The Coastal Sand Plains of southern Texas is a region comprised of more than two million acres of range land. Its borders are marked by the Laguna Madre to the east, the Baffin Bay and the Coastal Prairie to the north, the brush country of the Rio Grande Plain to the west, and the lower Rio Grande Valley to the south. It is frequently considered either part of the Texas Savanna or the Coastal Prairie.
The area is primarily composed of grasslands and coastal oak motts, but has occasional mesquite, granjeno and salt marshes mixed in. Additionally, it has sandy dunes that result from the strong winds that blow across the plains.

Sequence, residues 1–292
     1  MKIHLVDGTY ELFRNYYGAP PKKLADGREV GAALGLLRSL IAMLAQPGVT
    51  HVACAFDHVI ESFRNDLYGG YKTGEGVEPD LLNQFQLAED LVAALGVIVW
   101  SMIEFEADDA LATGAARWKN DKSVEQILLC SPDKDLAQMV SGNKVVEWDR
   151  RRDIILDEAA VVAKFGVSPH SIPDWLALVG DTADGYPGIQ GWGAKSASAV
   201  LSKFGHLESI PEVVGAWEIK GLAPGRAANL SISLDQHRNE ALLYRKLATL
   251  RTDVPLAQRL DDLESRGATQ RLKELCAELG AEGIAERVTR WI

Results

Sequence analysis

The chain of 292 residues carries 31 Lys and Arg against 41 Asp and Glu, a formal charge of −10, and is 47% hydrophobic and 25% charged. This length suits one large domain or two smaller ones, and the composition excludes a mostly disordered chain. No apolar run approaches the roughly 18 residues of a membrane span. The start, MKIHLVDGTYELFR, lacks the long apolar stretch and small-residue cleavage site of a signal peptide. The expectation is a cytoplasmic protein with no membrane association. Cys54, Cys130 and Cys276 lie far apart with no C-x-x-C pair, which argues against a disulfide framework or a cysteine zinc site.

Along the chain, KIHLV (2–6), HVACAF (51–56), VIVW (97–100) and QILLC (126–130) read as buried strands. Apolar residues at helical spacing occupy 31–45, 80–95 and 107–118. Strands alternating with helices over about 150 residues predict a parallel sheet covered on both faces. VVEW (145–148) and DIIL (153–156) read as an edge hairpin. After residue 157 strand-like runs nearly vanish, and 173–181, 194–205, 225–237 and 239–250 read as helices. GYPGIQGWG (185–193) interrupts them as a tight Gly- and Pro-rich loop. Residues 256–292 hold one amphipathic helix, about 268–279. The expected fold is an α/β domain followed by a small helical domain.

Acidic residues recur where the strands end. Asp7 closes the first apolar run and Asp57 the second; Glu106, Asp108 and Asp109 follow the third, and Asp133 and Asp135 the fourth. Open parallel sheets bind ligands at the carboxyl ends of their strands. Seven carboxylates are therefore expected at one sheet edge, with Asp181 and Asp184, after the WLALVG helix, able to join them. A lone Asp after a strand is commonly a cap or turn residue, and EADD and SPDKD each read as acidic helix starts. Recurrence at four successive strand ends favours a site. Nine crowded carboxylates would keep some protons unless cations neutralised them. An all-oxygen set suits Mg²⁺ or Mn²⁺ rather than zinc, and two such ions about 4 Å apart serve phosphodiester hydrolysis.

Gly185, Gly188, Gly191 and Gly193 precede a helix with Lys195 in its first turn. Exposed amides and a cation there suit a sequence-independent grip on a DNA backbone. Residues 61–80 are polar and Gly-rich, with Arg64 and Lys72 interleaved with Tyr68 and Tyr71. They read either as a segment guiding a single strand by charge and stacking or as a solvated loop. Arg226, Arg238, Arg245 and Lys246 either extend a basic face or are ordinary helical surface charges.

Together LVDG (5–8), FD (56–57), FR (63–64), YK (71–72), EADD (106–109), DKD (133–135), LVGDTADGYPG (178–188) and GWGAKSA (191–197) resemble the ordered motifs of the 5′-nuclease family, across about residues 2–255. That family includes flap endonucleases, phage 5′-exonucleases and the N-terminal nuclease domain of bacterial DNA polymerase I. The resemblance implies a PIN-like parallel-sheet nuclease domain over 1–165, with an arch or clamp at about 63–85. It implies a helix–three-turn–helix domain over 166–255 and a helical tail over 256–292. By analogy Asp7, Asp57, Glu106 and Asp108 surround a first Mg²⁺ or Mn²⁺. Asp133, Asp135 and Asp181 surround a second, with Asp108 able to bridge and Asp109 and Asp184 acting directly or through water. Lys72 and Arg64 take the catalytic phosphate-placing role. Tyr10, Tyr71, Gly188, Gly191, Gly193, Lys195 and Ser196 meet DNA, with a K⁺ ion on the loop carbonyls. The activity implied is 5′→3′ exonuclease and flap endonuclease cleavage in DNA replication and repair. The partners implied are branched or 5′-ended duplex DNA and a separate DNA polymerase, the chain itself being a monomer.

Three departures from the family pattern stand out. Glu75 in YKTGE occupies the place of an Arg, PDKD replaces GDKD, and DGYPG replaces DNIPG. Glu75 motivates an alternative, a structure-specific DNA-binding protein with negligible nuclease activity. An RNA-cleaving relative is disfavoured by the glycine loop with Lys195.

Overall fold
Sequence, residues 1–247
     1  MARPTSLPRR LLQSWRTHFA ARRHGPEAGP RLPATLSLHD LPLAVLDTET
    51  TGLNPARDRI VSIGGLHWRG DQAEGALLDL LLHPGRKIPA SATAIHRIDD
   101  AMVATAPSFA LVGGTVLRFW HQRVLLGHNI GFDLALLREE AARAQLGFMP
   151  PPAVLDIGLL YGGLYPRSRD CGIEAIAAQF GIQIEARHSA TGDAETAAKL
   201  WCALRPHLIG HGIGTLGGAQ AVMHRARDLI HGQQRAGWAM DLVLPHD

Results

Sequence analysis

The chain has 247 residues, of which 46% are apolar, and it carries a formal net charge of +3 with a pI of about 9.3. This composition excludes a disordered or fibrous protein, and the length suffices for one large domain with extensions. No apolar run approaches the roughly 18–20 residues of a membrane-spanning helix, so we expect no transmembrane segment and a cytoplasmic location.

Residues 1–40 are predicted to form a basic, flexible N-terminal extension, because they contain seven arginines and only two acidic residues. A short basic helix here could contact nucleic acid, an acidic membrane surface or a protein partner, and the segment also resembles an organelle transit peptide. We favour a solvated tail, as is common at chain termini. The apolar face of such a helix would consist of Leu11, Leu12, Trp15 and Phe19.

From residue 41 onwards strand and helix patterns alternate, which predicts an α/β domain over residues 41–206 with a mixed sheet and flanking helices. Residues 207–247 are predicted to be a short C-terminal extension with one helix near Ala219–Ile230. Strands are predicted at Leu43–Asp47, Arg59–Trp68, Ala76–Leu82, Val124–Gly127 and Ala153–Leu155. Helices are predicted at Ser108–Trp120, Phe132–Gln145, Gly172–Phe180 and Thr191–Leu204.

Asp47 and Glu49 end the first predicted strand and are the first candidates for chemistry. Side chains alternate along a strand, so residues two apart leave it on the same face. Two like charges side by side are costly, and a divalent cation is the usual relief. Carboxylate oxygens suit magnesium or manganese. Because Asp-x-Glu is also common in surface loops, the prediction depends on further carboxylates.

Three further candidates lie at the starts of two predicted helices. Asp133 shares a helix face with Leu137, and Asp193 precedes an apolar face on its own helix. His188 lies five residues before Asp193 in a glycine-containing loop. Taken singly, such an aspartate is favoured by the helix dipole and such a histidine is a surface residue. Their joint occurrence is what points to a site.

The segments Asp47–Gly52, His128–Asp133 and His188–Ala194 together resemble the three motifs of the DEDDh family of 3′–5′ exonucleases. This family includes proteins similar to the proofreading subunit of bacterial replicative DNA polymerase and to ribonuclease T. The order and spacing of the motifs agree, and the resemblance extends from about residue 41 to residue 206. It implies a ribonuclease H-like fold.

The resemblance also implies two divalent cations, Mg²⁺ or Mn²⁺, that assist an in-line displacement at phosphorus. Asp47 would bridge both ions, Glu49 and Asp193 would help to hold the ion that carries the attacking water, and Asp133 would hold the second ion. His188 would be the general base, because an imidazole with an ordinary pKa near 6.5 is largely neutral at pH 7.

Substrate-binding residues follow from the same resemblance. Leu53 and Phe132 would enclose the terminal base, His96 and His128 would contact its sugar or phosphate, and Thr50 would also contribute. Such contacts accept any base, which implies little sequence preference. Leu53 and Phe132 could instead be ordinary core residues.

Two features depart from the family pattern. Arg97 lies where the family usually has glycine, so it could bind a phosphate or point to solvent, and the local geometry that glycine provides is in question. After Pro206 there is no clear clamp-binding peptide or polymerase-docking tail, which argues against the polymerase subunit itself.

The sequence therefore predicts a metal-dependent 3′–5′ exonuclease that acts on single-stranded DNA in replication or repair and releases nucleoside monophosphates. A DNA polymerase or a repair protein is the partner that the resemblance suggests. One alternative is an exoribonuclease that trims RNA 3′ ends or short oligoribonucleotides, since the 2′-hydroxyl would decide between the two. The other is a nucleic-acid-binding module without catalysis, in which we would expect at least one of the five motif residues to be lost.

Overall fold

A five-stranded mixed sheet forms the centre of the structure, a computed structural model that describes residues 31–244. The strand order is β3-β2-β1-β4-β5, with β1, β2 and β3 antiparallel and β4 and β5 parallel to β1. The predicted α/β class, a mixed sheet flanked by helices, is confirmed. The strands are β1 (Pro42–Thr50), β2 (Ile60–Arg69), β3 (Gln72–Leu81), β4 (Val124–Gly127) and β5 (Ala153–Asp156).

The area was initially explored by the Spanish in the 17th century and settled in the 18th century. However, it remained sparsely populated until the early 1850s, when a number of businesspeople recognized the potential of the region for ranching and established sprawling ranches.
In the process, the size and number of the numerous herds of wild horses that roamed the Coastal Sand Plains during the 19th century was greatly reduced. As of 2016, the region is inhabited primarily by white-tailed deer, antelope, wild turkey, hogs and smaller pigs known as javelina or peccary.